Traumatic spinal cord injury (SCI) induces changes in the immune system, both acutely and chronically. To better understand changes in the chronic phase of SCI, we performed a prospective, observational study in a research institute and Department of Physical Medicine and Rehabilitation of an academic medical center to examine immune system parameters, including peripheral immune cell populations, in individuals with chronic SCI as compared to uninjured individuals. Here, we describe the relative frequencies of T cell populations in individuals with chronic SCI as compared to uninjured individuals. We show that the frequency of CD3+ and CD3+ CD4+ T cells are decreased in individuals with chronic SCI, although activated (HLA-DR+) CD4+ T cells are elevated in chronic SCI. We also examined regulatory T cells (Tregs), defined as CD3+ CD4+ CD25+ CD127lo and CCR4+, HLA-DR+ or CCR4+ HLA-DR+. To our knowledge, we provide the first evidence that CCR4+, HLA-DR+ or CCR4+ HLA-DR+ Tregs are expanded in individuals with SCI. These data support additional functional studies of T cells isolated from individuals with chronic SCI, where alterations in T cell homeostasis may contribute to immune dysfunction, such as immunity against infections or the persistence of chronic inflammation.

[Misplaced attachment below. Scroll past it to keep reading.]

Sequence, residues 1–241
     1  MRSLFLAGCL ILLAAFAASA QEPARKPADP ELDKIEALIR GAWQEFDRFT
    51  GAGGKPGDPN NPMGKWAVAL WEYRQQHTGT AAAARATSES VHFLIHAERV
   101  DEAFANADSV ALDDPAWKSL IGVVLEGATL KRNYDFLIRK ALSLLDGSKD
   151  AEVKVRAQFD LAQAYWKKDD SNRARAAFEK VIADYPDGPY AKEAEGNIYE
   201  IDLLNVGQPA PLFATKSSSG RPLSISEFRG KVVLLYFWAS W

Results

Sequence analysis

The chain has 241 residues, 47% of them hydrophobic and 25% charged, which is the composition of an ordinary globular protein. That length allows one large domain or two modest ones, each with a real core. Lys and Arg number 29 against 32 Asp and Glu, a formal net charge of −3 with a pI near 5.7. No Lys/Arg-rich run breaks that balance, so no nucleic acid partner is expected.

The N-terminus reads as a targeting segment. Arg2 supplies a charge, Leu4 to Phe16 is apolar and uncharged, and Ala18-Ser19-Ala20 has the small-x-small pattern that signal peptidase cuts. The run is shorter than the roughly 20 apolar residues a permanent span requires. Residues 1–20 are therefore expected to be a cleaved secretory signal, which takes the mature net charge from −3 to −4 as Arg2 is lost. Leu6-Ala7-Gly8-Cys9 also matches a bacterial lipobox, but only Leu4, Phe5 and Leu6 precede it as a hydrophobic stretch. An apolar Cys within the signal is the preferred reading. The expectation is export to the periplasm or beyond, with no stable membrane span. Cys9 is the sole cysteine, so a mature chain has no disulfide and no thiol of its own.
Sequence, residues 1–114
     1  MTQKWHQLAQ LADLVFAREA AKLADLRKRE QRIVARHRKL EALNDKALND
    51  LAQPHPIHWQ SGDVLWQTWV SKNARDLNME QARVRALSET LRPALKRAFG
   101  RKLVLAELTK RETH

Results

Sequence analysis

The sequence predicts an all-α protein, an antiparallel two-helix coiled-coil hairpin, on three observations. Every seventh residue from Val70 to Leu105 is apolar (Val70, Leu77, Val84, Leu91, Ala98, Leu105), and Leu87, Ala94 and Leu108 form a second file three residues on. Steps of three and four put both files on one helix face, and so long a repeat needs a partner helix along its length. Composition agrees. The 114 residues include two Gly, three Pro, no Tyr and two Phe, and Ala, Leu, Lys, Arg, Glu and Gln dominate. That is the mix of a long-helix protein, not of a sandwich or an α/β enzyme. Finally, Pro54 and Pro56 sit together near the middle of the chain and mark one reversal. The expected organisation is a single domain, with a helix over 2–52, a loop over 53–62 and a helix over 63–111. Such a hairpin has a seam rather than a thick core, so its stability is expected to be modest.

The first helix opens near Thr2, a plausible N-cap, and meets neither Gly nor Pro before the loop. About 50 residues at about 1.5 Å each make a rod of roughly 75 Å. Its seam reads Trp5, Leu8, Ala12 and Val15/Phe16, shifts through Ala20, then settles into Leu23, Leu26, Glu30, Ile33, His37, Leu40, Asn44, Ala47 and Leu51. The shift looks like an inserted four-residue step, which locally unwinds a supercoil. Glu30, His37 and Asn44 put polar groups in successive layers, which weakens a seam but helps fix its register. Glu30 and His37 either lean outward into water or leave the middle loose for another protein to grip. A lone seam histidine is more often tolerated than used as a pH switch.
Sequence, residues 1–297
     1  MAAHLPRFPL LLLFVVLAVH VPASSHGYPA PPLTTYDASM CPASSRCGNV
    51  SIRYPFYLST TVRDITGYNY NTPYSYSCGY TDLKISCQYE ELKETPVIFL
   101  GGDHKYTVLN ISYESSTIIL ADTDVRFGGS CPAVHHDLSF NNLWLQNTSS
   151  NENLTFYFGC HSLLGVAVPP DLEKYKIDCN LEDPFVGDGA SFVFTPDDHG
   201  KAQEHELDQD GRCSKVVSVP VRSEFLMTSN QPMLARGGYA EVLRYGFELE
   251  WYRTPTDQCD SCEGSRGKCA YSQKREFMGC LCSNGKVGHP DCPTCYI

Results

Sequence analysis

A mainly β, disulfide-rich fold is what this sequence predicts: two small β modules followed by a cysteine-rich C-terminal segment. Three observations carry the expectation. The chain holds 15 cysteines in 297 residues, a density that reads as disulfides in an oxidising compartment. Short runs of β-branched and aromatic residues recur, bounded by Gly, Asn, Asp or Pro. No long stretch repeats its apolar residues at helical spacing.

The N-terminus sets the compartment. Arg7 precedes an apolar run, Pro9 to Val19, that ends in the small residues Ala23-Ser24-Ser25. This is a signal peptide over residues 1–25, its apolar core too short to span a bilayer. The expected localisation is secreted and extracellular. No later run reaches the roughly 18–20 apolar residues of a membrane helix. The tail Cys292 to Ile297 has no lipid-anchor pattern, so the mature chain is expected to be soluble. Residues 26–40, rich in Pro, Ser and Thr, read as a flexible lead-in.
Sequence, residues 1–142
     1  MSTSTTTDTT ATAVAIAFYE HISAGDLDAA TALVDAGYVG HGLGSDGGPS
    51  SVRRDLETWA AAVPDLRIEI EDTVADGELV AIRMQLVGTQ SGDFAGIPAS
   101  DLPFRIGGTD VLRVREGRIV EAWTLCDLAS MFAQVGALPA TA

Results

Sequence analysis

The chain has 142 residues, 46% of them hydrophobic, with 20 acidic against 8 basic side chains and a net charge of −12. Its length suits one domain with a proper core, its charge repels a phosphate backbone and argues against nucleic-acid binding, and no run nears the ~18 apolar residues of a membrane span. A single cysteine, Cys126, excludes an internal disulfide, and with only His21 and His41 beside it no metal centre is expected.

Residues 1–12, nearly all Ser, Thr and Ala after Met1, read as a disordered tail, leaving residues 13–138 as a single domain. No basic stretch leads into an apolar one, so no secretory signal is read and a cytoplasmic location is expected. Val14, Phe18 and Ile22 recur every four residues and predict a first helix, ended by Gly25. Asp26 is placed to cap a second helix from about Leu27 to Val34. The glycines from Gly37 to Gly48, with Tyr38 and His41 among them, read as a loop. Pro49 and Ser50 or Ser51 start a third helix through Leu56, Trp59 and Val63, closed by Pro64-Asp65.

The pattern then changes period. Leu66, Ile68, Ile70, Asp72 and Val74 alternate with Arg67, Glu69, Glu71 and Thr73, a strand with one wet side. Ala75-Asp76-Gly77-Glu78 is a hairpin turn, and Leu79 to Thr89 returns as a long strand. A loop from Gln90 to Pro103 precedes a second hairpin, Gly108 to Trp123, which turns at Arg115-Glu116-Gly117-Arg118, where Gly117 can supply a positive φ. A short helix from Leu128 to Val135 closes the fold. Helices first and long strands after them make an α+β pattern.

Faculty; Northwell Researcher
School of Medicine; Northwell Health
Physical Medicine and Rehabilitation; Surgery